Thursday, December 29, 2016

The Holistic Garden: Let Nothing Green Go To Waste

What does the word "holistic" conjure up when you hear it? This question is worth asking because the chances are that if you asked a hundred people, more than half would say something about therapy. While there's nothing wrong with that - holistic treatments certainly do exist - it only covers part of the meaning.

A functional definition of the term is that it has to do with the “whole of the thing”. So holistic therapy, for example, looks to treat a problem with your health by looking at your body and mind together. But you can take a holistic approach to anything. You may boost your earnings by getting a better education. You can make your relationships better by working on making yourself happy, and so on.
Image from Pixabay

Although the word "holistic" is not in and of itself a "hippie" word, it does keep coming back up in that context. And it has to do with what I want to talk about here, which is your garden. We all spend some time trying to get our gardens right. And I would say that a holistic approach is the best way to do that.

What Is A Holistic Garden?

Sorting out your garden is a process which necessarily creates a lot of by-products. You'll have to remove some things that are in the way, tidy up what is left behind and put new things in. If you take a separate approach, at the end you'll have a lot of by-products. But if you take a holistic approach, you can re-use a lot of what would be left over to clutter up your backyard.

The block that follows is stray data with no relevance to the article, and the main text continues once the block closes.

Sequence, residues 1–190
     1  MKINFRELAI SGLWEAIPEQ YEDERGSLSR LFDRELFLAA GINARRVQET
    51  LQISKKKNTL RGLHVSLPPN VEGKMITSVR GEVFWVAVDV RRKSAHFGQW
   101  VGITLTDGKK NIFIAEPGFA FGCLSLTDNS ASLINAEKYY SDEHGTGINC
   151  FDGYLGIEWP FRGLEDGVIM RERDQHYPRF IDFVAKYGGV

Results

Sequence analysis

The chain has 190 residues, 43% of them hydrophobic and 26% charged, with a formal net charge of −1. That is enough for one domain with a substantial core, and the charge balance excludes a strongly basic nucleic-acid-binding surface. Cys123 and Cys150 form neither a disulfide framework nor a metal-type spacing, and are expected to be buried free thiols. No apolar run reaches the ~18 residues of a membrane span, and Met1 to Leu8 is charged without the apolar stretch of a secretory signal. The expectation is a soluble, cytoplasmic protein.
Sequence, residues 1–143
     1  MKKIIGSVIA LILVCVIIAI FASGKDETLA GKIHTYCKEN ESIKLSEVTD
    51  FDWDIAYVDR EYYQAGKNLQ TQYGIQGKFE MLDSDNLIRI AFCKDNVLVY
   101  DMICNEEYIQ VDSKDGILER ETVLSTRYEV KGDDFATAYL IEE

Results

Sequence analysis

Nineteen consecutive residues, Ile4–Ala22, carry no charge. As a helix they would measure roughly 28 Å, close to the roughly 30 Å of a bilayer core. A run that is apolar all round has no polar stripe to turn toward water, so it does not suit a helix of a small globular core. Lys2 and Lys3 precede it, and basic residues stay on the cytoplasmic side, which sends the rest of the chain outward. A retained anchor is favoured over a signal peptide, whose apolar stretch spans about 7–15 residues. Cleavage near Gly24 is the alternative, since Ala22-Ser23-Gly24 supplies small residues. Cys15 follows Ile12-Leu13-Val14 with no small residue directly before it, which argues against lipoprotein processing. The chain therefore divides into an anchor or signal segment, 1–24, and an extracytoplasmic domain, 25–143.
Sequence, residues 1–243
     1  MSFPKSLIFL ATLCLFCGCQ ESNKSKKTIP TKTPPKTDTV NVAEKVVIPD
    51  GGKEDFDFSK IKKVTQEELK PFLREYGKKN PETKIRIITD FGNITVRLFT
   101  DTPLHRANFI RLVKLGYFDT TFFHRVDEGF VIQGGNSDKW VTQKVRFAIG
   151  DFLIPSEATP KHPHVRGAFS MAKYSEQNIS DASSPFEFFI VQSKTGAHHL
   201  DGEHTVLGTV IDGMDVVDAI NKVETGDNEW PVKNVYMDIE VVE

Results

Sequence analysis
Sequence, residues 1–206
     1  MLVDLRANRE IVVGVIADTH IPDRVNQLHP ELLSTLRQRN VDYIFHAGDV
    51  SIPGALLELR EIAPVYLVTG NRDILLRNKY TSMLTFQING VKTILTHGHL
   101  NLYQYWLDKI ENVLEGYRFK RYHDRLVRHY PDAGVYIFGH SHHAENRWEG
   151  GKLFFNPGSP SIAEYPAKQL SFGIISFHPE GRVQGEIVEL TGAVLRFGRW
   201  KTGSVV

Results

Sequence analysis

How Does That Work In Practice?

The first part of working on your garden is removing things that are in the way - this can be old ornaments or plants you no longer need. Now, some of the former will need to be disposed of. But for the latter, you are left with organic plant material which can be turned into compost. This can then be used in your garden. Rather than wasting things, you are reusing them.

Image from Flickr

Some ornaments, or garden furniture, will be worth upcycling into something new, too. It all depends on how much effort you want to go to.

The More You Use, The Less You Throw Away

As part of fixing your garden, you'll need to mow the lawn. Once you've checked out the likes of Lawn Mower Lane for the right mower, you can get going on this. A useful thing to remember is that mown grass can be used as mulch - beneficial for the soil around any small trees or large plants.

You may even find uses for the containers that you have bought equipment in. Bags from your topsoil can be utilized as a base for a gravel pit. Tubs which contained paint or varnish can become planters once washed out. If you're looking at a shabby chic approach, this can be bang on brand for you.

The advantage of a holistic approach - to anything you can think of - is that it leaves you without as many loose ends to fix up. When you look at it that way, it becomes a really attractive way to live life.

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